A plaintiff must establish three elements to succeed on a bad-faith claim: (1) the insurer must be obligated to pay the claim under the terms of the policy; (2) the insurer must lack a reasonable basis in law or fact for denying the claim; and (3) it must be shown that the insurer either knew there was no reasonable basis for denying the claim or acted with reckless disregard for whether such a basis existed.
When a beneficiary alleges bad faith insurance practice, it is imperative to conduct a proper analysis of specific facts and issues pertinent to a specific life insurance claim and policy. If your insurance company denies your valid life insurance claim you will need experienced life insurance attorneys to analyze your denied claim and advise you of any recourse you may have, including insurance bad faith litigation.
An insurance policy is a contract between the insured and the insurer. Insurance bad faith is a breach of that contract. There are many reasons why insurance bad faith is particularly egregious. Consequently, when insurance companies engage in bad faith, they can sometimes be compelled to pay punitive damages for their conduct.
At Insurance Claim Law Firm, we have won numerous multimillion-dollar settlements for victims of insurance bad faith, including cases involving:
Failure to pay valid disability claims, property damage claims, and business insurance claims
Failure to defend against lawsuits (failure to indemnify as required in business policies)
Failure to settle within the stated policy limits
Insurance agent or broker negligence
Our experienced trial attorneys have prevailed in cases involving life insurance, homeowners insurance and general commercial liability insurance. We have achieved numerous multi-million dollar verdicts and settlements for doctors, lawyers and other professionals who were wrongfully denied the benefits of their private disability insurance policies.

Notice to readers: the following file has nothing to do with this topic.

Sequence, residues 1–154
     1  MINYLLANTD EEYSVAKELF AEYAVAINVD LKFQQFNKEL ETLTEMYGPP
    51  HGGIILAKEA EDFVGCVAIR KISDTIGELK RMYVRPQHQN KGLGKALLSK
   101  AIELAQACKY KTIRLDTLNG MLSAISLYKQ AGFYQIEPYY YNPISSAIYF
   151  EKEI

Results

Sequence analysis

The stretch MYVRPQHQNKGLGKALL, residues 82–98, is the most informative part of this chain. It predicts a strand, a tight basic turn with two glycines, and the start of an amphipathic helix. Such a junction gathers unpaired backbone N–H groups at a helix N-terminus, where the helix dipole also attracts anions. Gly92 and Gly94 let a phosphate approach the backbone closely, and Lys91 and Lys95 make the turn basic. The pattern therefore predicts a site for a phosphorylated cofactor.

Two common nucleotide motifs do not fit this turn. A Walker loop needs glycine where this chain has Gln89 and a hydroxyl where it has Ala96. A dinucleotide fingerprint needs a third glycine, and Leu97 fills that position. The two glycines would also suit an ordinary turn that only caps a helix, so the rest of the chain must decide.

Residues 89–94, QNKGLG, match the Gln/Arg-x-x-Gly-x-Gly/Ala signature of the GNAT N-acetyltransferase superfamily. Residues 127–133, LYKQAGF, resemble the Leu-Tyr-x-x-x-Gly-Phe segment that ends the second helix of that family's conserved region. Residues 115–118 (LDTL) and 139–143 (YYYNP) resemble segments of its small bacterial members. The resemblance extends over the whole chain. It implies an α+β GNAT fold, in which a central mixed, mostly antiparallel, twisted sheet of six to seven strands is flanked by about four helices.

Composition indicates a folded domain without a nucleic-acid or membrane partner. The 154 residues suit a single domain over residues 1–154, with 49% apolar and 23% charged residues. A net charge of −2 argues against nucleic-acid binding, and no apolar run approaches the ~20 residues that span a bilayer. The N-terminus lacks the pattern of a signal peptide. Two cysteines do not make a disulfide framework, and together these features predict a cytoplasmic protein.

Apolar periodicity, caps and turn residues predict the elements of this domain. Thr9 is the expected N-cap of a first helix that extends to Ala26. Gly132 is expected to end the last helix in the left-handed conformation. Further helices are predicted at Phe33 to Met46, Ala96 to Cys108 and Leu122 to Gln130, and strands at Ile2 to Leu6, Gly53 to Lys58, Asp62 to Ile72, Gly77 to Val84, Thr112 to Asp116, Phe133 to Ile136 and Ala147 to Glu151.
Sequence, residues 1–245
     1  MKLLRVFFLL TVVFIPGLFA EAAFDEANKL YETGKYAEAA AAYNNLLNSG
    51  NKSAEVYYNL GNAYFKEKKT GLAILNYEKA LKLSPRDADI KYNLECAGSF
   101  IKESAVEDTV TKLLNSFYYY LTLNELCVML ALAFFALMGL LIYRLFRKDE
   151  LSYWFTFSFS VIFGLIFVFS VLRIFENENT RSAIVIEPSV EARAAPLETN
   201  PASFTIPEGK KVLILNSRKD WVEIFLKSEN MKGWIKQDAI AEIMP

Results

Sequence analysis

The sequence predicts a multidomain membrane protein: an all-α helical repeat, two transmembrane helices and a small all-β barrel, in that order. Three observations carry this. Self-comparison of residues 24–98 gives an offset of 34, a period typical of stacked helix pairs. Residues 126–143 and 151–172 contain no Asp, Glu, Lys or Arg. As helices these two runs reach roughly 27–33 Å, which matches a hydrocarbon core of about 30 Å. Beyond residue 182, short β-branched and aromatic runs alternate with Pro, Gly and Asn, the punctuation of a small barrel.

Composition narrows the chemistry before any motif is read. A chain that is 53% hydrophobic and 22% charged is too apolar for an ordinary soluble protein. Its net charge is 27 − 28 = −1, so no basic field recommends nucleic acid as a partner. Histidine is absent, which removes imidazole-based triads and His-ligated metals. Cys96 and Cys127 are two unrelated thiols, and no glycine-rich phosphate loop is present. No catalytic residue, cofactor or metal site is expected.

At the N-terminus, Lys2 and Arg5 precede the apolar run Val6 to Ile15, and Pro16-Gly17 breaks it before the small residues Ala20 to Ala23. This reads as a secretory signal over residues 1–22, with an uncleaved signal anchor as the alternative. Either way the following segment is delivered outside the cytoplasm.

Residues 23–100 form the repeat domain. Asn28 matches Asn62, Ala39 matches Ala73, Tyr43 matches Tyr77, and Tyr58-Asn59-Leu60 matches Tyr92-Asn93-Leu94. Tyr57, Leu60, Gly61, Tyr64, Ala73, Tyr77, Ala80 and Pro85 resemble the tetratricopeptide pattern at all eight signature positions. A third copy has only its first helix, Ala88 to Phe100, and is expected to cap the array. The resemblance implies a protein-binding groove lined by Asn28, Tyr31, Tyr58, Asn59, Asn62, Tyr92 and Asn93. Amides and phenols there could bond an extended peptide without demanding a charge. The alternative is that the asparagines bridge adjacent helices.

Policies Recovered For Our Clients
- Universal American: Denial of Policy $1,800,000.00
- AETNA: Mistake of Application $1,400,000.00
- AIG: Misrepresentation Alleged $1,000,000.00
- New York Life: Refused Due to Alcohol $750,000.00
- Unum: Long Delay of Payment $750,000.00
- Mass Mutual: Refused to Pay Money $750,000.00
- Globe: Dangerous Activity Exclusion $500,000.00
- Allstate: Refused Self-inflicted Injury $500,000.00
- ING: Allegation of Misrepresentation $500,000.00
- Bankers: Beneficiary Refused $400,000.00
- Pioneer: Would Not Pay on Policy $350,000.00
- Mutual of America: Fraud Alleged $300,000.00
- Savings Bank: Misrepresentation Cited $300,000.00
- Integrity: Bad Faith Denial $300,000.00
- Country Financial: Bad Faith Nonpayment $300,000.00
- Hartford: Suicide Refusal $100,000.00
- Combined: 2 Year Contestability Period $100,000.00
- Unum: Preexisting Condition Nonpayment $100,000.00
Curry v. Fireman's Fund Ins. Co., 784 S.W.2d 176 (Ky.1989) (resurrecting the tort of bad faith as a viable cause of action)
Blue Cross & Blue Shield of Kentucky, Inc. v. Whitaker, 687 S.W.2d 557, (Ky. Ct. App. 1985)
Matt v. Liberty Mut. Ins. Co., 798 F. Supp. 429 (W.D. Ky. 1991)
Mich. Comp. Laws §500.2006(4)
Hoskins v. Aetna Life Insurance Co., 6 Ohio St. 3d 272 (1983)
Wittmer v. Jones, 864 S.W. 2d 885 (Ky. 1993)